State judicial elections have been transformed during the past decade. The story of America’s 2000–2009 high court contests—tens of millions of dollars raised by candidates from parties who may appear before them, millions more poured in by interest groups, nasty and misleading ads, and pressure on judges to signal courtroom rulings on the campaign trail—has become the new normal.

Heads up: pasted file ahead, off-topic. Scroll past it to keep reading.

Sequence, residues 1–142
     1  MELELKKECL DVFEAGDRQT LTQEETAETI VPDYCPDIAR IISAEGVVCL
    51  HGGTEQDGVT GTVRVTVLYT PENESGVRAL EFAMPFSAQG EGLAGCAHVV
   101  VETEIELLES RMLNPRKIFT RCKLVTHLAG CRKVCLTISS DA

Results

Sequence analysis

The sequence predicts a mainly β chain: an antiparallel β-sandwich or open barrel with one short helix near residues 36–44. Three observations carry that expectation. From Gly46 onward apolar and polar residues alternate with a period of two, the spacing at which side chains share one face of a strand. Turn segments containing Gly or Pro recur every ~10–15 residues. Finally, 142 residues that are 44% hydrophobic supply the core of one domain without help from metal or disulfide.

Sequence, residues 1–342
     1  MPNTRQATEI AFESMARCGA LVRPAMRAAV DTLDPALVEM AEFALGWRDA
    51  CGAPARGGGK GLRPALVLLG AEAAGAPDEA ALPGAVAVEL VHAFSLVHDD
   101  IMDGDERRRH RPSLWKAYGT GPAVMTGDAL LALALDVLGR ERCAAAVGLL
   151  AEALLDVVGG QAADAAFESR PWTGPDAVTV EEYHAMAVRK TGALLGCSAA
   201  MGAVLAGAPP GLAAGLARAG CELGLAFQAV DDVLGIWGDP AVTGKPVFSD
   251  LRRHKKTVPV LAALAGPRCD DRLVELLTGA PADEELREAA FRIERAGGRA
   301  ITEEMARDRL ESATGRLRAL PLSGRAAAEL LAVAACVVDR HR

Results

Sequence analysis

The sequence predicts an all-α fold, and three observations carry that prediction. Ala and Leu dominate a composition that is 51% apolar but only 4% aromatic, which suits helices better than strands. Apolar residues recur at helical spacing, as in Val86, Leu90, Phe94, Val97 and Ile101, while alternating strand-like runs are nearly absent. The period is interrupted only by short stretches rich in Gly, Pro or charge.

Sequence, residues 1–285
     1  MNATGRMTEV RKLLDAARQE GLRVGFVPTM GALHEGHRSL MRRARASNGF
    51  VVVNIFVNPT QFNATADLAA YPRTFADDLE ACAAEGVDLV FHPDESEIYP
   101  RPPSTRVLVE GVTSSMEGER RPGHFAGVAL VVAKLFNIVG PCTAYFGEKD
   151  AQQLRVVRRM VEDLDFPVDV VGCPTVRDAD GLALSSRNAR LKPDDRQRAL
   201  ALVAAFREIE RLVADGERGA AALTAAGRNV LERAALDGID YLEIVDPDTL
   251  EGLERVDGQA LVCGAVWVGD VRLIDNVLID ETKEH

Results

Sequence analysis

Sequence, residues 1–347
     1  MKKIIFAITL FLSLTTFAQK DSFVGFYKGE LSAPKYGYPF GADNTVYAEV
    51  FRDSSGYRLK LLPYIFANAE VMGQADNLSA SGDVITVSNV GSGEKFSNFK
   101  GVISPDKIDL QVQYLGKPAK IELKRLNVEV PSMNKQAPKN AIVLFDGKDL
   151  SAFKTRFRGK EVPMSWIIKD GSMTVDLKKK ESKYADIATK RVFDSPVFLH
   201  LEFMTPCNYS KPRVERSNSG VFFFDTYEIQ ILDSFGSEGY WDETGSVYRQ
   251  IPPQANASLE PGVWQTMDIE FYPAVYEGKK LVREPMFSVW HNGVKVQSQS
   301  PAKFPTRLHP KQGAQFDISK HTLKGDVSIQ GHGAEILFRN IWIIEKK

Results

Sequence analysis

For more than a decade, partisans and special interests of all stripes have been growing more organized in their efforts to use elections to tilt the scales of justice their way. Many Americans have come to fear that justice is for sale. Unlike previous editions, which covered only the most recent election cycle, this fifth edition of the “New Politics of Judicial Elections” looks at the 2000–2009 decade as a whole. By tallying the numbers and “connecting the dots” among key players over the last five election cycles, this report offers a broad portrait of a grave and growing challenge to the impartiality of our nation’s courts.